Mr. Druckenmiller says that markets know the difference between a default in which a country will not repay its debts and a technical default, in which investors may have to wait a short period for a particular interest payment. Under the second scenario, he doubts that investors such as the Chinese government would sell their Treasury debt and take losses on the way out—"because I'll guarantee you people like me will buy it immediately."
Now suppose, Mr. Druckenmiller adds, that he's wrong. If the market implodes on day two of the technical default, Mr. Obama and Congress would be motivated to finally come to agreement. But he doesn't expect such market chaos. "My guess is that the bond market would rally as long as it believed the ultimate outcome was going to be genuine entitlement reform—that we wouldn't even have to find out about a meltdown because it wouldn't happen. And I have some history on my side here."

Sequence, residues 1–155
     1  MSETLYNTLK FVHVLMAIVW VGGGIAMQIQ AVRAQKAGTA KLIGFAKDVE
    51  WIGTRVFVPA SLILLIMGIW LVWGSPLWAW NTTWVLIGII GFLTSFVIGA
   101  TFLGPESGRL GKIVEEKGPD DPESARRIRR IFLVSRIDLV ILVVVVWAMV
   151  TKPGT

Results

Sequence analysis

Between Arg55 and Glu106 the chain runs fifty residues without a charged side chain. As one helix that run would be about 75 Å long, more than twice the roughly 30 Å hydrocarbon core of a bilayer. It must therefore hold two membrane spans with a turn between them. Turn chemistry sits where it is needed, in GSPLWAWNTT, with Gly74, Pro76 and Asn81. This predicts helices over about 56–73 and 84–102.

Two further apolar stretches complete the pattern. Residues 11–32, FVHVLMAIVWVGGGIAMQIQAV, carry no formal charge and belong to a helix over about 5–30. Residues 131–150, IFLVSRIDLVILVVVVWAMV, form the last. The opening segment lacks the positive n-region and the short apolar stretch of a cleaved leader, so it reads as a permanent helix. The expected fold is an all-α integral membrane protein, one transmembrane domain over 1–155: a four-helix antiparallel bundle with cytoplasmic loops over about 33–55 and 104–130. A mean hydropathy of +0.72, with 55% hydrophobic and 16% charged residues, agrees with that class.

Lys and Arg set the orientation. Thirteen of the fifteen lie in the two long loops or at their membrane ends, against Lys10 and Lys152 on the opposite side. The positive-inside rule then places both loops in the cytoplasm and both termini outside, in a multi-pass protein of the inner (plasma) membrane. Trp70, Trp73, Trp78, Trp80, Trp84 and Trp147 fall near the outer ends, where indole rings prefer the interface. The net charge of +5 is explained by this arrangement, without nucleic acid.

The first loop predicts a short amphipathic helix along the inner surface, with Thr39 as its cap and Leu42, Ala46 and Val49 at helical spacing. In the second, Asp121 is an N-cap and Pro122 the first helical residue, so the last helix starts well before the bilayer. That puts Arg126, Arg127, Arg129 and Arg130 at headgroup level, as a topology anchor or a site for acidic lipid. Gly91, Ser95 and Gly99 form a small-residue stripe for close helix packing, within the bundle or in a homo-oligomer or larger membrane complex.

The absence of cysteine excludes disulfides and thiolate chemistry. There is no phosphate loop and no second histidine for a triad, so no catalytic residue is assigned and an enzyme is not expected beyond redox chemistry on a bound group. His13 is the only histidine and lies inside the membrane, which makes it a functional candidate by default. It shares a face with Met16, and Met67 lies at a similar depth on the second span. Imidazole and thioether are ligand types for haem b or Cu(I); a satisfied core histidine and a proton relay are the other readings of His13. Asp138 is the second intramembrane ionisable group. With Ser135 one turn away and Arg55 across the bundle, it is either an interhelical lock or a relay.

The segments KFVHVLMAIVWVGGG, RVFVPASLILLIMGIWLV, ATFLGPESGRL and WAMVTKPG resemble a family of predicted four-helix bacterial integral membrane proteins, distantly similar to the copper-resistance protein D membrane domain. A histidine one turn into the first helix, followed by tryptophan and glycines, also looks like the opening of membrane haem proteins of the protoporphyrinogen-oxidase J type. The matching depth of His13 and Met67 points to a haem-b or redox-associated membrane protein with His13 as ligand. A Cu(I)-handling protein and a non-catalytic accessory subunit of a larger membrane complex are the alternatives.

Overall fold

On why everyone should ignore threats of untold destruction unless the adminstration and Wall Street apparatchiks get their way:
Mr. Druckenmiller had already recognized that the government had embarked on a long-term march to financial ruin. So he publicly opposed the hysterical warnings from financial eminences, similar to those we hear today. He recalls that then-Secretary of the Treasury Robert Rubin warned that if the political stand-off forced the government to delay a debt payment, the Treasury bond market would be impaired for 20 years.